BACKGROUND & AIMS: Evidence regarding the association of dietary exposures with colorectal cancer (CRC) risk is not consistent with a few exceptions. Therefore, we conducted a diet-wide association study (DWAS) in the European Prospective Investigation into Cancer and Nutrition (EPIC) to evaluate the associations between several dietary exposures with CRC risk. METHODS: The association of 92 food and nutrient intakes with CRC risk was assessed in 386,792 participants, 5069 of whom developed incident CRC. Correction for multiple comparisons was performed using the false discovery rate, and emerging associations were examined in the Netherlands Cohort Study (NLCS). Multiplicative gene-nutrient interactions were also tested in EPIC based on known CRC-associated loci. RESULTS: In EPIC, alcohol, liquor/spirits, wine, beer/cider, soft drinks, and pork were positively associated with CRC, whereas milk, cheese, calcium, phosphorus, magnesium, potassium, riboflavin, vitamin B6, beta carotene, fruit, fiber, nonwhite bread, banana, and total protein intakes were inversely associated. Of these 20 associations, 13 were replicated in the NLCS, for which a meta-analysis was performed, namely alcohol (summary hazard ratio [HR] per 1-SD increment in intake: 1.07; 95% confidence interval [CI], 1.04-1.09), liquor/spirits (HR per 1-SD increment in intake, 1.04; 95% CI, 1.02-1.06), wine (HR per 1-SD increment in intake, 1.04; 95% CI, 1.02-1.07), beer/cider (HR per 1-SD increment in intake, 1.06; 95% CI, 1.04-1.08), milk (HR per 1-SD increment in intake, 0.95; 95% CI, 0.93-0.98), cheese (HR per 1-SD increment in intake, 0.96; 95% CI, 0.94-0.99), calcium (HR per 1-SD increment in intake, 0.93; 95% CI, 0.90-0.95), phosphorus (HR per 1-SD increment in intake, 0.92; 95% CI, 0.90-0.95), magnesium (HR per 1-SD increment in intake, 0.95; 95% CI, 0.92-0.98), potassium (HR per 1-SD increment in intake, 0.96; 95% CI, 0.94-0.99), riboflavin (HR per 1-SD increment in intake, 0.94; 95% CI, 0.92-0.97), beta carotene (HR per 1-SD increment in intake, 0.96; 95% CI, 0.93-0.98), and total protein (HR per 1-SD increment in intake, 0.94; 95% CI, 0.92-0.97). None of the gene-nutrient interactions were significant after adjustment for multiple comparisons. CONCLUSIONS: Our findings confirm a positive association for alcohol and an inverse association for dairy products and calcium with CRC risk, and also suggest a lower risk at higher dietary intakes of phosphorus, magnesium, potassium, riboflavin, beta carotene, and total protein.


Assuntos
Neoplasias Colorretais , Dieta , Estudos de Coortes , Neoplasias Colorretais/epidemiologia , Neoplasias Colorretais/etiologia , Humanos , Estudos Prospectivos , Fatores de Risco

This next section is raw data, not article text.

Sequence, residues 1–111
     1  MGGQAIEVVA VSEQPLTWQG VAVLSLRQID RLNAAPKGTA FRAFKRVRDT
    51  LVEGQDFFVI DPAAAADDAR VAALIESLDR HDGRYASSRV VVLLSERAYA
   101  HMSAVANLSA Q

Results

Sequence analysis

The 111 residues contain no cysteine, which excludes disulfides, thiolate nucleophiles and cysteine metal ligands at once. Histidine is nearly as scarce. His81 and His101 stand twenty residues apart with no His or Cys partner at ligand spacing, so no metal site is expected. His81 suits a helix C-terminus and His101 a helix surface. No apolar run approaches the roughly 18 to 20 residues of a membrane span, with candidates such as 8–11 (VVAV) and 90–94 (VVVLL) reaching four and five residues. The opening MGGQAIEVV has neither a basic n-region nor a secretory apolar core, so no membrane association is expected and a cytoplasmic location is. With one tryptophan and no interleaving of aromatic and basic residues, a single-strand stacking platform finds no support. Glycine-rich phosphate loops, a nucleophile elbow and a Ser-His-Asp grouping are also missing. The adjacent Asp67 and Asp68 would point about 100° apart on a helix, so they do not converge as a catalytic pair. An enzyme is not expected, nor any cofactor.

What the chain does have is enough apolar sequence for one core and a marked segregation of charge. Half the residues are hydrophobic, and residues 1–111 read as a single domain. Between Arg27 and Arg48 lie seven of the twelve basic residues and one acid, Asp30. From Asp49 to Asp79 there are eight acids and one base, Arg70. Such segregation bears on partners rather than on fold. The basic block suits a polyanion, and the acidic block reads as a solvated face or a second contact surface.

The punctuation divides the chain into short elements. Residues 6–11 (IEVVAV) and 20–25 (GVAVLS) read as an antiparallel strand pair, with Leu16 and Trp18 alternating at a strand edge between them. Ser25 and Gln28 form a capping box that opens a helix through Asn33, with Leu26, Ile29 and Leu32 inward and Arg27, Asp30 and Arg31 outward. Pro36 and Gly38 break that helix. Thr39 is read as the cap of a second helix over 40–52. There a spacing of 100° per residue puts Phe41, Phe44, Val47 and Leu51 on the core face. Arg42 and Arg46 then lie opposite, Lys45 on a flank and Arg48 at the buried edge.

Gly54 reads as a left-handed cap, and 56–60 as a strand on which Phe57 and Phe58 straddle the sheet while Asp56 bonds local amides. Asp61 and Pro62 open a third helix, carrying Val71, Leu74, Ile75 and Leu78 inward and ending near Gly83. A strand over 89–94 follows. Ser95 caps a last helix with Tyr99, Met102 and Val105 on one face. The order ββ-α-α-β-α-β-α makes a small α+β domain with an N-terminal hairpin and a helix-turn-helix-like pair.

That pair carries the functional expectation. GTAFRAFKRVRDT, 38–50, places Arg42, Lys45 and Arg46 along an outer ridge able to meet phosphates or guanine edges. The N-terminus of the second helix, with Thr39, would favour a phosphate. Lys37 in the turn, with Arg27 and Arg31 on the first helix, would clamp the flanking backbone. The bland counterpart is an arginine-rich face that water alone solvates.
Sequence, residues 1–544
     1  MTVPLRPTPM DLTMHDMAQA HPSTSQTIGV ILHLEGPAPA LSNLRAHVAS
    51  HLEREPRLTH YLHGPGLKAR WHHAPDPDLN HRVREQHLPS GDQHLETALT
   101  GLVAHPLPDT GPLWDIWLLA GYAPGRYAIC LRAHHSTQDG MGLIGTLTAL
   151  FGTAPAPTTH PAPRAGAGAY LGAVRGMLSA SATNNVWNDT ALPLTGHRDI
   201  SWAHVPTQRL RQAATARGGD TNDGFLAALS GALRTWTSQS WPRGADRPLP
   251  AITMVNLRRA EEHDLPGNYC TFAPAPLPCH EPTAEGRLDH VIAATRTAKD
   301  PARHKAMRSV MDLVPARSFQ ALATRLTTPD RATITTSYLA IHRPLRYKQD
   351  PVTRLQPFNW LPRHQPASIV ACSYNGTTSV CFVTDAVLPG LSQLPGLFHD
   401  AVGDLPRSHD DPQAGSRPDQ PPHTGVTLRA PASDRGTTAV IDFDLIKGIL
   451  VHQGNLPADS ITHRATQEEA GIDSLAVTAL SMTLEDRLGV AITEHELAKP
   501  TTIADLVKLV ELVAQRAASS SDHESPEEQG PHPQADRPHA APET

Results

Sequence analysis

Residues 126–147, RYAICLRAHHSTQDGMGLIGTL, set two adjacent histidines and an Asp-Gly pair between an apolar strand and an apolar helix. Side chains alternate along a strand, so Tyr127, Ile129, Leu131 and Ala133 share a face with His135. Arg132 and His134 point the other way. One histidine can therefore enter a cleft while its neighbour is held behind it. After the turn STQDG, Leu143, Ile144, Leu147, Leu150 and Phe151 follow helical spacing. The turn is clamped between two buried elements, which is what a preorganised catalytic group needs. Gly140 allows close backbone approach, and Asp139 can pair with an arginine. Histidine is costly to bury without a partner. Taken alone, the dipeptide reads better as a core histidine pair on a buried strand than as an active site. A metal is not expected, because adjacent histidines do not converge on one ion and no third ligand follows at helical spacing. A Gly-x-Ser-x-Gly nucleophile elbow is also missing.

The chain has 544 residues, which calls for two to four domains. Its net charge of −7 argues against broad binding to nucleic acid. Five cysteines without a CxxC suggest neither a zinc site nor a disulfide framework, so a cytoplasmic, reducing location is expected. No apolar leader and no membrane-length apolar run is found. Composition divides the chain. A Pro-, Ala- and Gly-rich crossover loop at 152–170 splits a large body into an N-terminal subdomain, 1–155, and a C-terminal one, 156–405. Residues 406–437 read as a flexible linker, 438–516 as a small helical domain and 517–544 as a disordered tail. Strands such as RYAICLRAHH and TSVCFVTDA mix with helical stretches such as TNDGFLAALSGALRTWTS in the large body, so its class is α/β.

16.
Clin Gastroenterol Hepatol ; 20(5): e1061-e1082, 2022 05.
Artigo em Inglês | MEDLINE | ID: mdl-33279777

RESUMO

BACKGROUND & AIMS: Colorectal cancer risk can be lowered by adherence to the World Cancer Research Fund/American Institute for Cancer Research (WCRF/AICR) guidelines. We derived metabolic signatures of adherence to these guidelines and tested their associations with colorectal cancer risk in the European Prospective Investigation into Cancer and Nutrition cohort. METHODS: Scores reflecting adherence to the WCRF/AICR recommendations (scale, 1-5) were calculated from participant data on weight maintenance, physical activity, diet, and alcohol among a discovery set of 5738 cancer-free European Prospective Investigation into Cancer and Nutrition participants with metabolomics data. Partial least-squares regression was used to derive fatty acid and endogenous metabolite signatures of the WCRF/AICR score in this group. In an independent set of 1608 colorectal cancer cases and matched controls, odds ratios (ORs) and 95% CIs were calculated for colorectal cancer risk per unit increase in WCRF/AICR score and per the corresponding change in metabolic signatures using multivariable conditional logistic regression. RESULTS: Higher WCRF/AICR scores were characterized by metabolic signatures of increased odd-chain fatty acids, serine, glycine, and specific phosphatidylcholines. Signatures were inversely associated more strongly with colorectal cancer risk (fatty acids: OR, 0.51 per unit increase; 95% CI, 0.29-0.90; endogenous metabolites: OR, 0.62 per unit change; 95% CI, 0.50-0.78) than the WCRF/AICR score (OR, 0.93 per unit change; 95% CI, 0.86-1.00) overall. Signature associations were stronger in male compared with female participants. CONCLUSIONS: Metabolite profiles reflecting adherence to WCRF/AICR guidelines and additional lifestyle or biological risk factors were associated with colorectal cancer. Measuring a specific panel of metabolites representative of a healthy or unhealthy lifestyle may identify strata of the population at higher risk of colorectal cancer.


Assuntos
Neoplasias Colorretais , Estilo de Vida Saudável , Estudos de Coortes , Neoplasias Colorretais/epidemiologia , Dieta/efeitos adversos , Ácidos Graxos , Feminino , Humanos , Masculino , Estudos Prospectivos , Fatores de Risco
17.
Cancer Epidemiol Biomarkers Prev ; 31(2): 325-333, 2022 02.
Artigo em Inglês | MEDLINE | ID: mdl-34782393

RESUMO